Did you know the gut is called the second brain? That’s because the gut is incredibly closely linked to our brain and is a key part of our central nervous system. This also means gut problems usually come with other health problems.
In fact, poor gut health has been linked to several specific health issues. On the other hand, good gut health can strengthen your immune system, improve your mood, and prevent autoimmune diseases and some types of cancer.
There are many things that can negatively affect our gut health. But how do you know if your gut is healthy or not? What should you be watching for? Well, poor gut health can actually manifest in several ways. Here are a few signs you can watch out for that may point to an unhealthy gut.
One of the most obvious signs of poor gut health are digestive issues: gas, bloating, and diarrhea. These digestive issues are usually a result of unbalanced or underfed gut bacteria.
The bacteria living in your gut, stomach, intestines, and colon are often called the microbiome. Both good and bad bacteria make up this microbiome — and that’s a good thing! When there is an imbalance in the microbiome (for example, too much bad gut bacteria and not enough good), the result may be gas, irregular bowel movements, or even diarrhea. To restore balance, it’s best to focus on your diet and add in prebiotics.
Gas can also be a sign of food fermentation in the gut. This can happen when there is not enough stomach acid to break down food. To help, you can add digestive enzymes to your diet to boost stomach acid and help break down food.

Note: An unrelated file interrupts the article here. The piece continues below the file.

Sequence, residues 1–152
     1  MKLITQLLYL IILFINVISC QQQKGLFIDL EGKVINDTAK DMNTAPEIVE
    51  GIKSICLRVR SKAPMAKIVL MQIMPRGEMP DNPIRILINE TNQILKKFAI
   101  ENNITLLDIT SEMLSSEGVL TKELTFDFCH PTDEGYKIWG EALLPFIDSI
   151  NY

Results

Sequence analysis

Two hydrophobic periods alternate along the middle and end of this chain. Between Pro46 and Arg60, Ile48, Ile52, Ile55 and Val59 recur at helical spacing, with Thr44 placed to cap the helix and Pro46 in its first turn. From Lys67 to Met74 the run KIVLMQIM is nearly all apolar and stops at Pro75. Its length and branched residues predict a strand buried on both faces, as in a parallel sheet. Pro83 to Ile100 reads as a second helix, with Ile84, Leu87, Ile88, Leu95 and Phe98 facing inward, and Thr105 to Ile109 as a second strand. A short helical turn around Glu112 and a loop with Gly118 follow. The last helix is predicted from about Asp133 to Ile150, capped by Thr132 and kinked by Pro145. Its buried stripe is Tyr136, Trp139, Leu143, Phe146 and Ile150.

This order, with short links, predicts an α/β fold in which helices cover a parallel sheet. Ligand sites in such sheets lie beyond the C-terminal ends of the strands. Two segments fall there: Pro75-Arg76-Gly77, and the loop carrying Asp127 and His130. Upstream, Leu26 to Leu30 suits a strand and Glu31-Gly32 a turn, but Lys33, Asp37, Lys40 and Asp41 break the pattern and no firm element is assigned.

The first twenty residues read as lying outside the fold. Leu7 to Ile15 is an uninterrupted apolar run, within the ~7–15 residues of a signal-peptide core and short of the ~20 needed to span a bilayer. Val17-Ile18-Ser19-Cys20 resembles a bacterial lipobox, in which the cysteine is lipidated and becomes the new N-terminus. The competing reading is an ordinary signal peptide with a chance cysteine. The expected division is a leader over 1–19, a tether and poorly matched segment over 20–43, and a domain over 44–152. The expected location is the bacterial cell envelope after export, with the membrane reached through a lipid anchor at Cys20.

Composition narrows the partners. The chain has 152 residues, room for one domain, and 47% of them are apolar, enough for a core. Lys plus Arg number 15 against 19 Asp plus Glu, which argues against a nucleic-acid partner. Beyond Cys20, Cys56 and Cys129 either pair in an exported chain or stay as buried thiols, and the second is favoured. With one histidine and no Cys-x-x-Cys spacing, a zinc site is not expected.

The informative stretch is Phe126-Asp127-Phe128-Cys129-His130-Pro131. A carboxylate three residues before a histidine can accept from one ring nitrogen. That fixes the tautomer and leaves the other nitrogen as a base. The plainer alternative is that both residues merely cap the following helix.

Food Allergies or Intolerances
Dairy and gluten intolerances are more common today than ever before, and they are often symptoms of leaky gut syndrome. Leaky gut syndrome occurs when the gut barrier is compromised and your gut actually kinda… leaks! A leaky gut is an unhealthy gut.
- If your gut is healthy, it controls what passes through it and into your bloodstream.
- If your gut is not healthy, other things like partially digested food, proteins, and toxins escape into your body.
As an example, consider someone with a gluten intolerance. If they have leaky gut, large protein molecules (such as gluten) escape from their digestive system and move into their bloodstream because the gut barrier is permeable. Since these large gluten protein molecules do not belong anywhere outside of the gut, the body creates an immune response to attack these proteins. This immune response manifests as a food intolerance, and it could look like bloating, a skin rash, inflammation — lots of things!
Our microbiome releases special proteins that are similar to leptin and ghrelin (our hunger-regulating hormones). These special proteins can affect our food cravings.
The food we eat feeds our gut bacteria. And so, it makes sense that our gut bacteria want us to eat the foods that help them thrive. If we get too much of certain bad gut bacteria, our sugar cravings can become intense. What’s the solution? Cutting out sugar won’t necessarily help, and that will result in a constant battle of willpower. What will help is taking prebiotic supplements or drinking them. This will help feed good gut bacteria, restore balance, and curb cravings.
Our microbiome contributes to our overall health. When it’s healthy, it can help strengthen our immune system and prevent certain diseases. However, your gut can also manifest a wide range of health issues if it’s unhealthy. That’s why it’s important to be aware of the signs of an unhealthy gut; then we can make adjustments in our diets and lifestyle.
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